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Monday, July 4, 2022
Home Sports NHL So long, and thanks for all the pucks - nick does hockey

So long, and thanks for all the pucks – nick does hockey


Let’s start with the pain.

Where it all began. Literally trying to stand upright on skates. January, 2011. (Some would say nothing has really changed)

That was the first line of my first ever nickdoeshockey blog, way back in January, 2011. So it’s right that it be the first line of this, Blog no. 257, and the last.

Of course, the line remains true.

Tonight I’m going to attempt to play hockey for the first time in months, wondering if a sore knee and a sore shoulder will cope. Read it before? Me too, which is why I’m calling time on the blog.

I set out to chart my unlikely adventure from having never skated at 45 years old, to trying to become a hockey player. Six and a half years later, that journey has pretty much happened, regardless of how long I continue to struggle along on the ice. I backed off regular posts a while ago, because there’s only so much you can say about another training session, another dev league scrimmage, another summer league battle against this team or that. I only ever wanted to record the key details, the elements that mattered, to chronicle the crazy adventure as it happened. (Each post now archived by the National Library as a record of significance, incidentally, so there.)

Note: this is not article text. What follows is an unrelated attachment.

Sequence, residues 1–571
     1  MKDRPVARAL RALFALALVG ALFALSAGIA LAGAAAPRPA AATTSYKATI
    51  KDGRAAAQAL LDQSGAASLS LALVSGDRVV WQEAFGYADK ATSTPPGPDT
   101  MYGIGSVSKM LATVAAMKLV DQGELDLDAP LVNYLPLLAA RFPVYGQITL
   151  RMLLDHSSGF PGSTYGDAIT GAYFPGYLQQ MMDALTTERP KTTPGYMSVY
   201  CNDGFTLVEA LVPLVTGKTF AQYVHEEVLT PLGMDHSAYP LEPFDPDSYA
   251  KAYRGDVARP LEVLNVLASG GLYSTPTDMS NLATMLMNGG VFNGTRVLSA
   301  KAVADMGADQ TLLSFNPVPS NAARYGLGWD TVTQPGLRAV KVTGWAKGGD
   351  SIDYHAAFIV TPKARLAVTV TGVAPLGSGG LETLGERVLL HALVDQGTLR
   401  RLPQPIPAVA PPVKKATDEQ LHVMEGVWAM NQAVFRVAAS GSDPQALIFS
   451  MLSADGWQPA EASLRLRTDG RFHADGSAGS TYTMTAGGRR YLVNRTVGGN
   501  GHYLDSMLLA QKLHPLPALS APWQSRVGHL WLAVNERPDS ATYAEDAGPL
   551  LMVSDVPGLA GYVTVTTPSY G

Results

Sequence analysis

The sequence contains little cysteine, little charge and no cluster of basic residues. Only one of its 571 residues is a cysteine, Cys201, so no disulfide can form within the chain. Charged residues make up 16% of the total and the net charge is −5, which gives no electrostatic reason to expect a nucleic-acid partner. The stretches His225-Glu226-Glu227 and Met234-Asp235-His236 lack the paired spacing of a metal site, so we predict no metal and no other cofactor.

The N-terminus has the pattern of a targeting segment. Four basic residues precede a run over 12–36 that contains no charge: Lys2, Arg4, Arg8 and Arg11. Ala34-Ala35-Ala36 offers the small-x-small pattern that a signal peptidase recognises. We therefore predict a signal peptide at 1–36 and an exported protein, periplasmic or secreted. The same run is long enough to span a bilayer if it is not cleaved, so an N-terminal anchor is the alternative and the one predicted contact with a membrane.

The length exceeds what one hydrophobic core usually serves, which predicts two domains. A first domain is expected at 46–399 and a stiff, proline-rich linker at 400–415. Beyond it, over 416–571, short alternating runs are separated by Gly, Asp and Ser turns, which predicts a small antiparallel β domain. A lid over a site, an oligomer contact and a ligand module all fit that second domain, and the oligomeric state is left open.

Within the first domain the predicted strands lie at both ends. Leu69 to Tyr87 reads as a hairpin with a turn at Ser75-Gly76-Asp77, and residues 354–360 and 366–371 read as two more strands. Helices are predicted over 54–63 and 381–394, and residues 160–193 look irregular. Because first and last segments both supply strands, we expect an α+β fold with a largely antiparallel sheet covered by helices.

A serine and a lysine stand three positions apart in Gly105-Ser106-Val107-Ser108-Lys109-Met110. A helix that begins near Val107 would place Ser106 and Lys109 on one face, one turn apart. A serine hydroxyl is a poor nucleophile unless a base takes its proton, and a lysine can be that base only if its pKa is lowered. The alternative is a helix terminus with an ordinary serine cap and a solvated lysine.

So I’m going to keep showing up but probably not write about it.

I think I’ll try and saddle up again for the Cherokees next summer, bringing my very average left wing skills to my ever-accommodating team, even if I’m a little unnerved by how seriously a lot of people and teams now seem to take ‘social’ summer hockey these days.

I definitely plan to continue banging on the glass of Icy O’Briens’ Henke Rink, in support of Melbourne Ice; men’s and women’s teams. It’s unlikely but I’d still love to play pond hockey in Canada, and see games in Detroit’s new arena. I still want to sing ‘Do Not Stop Believin ” out of tune and proud, after a Wings’ game.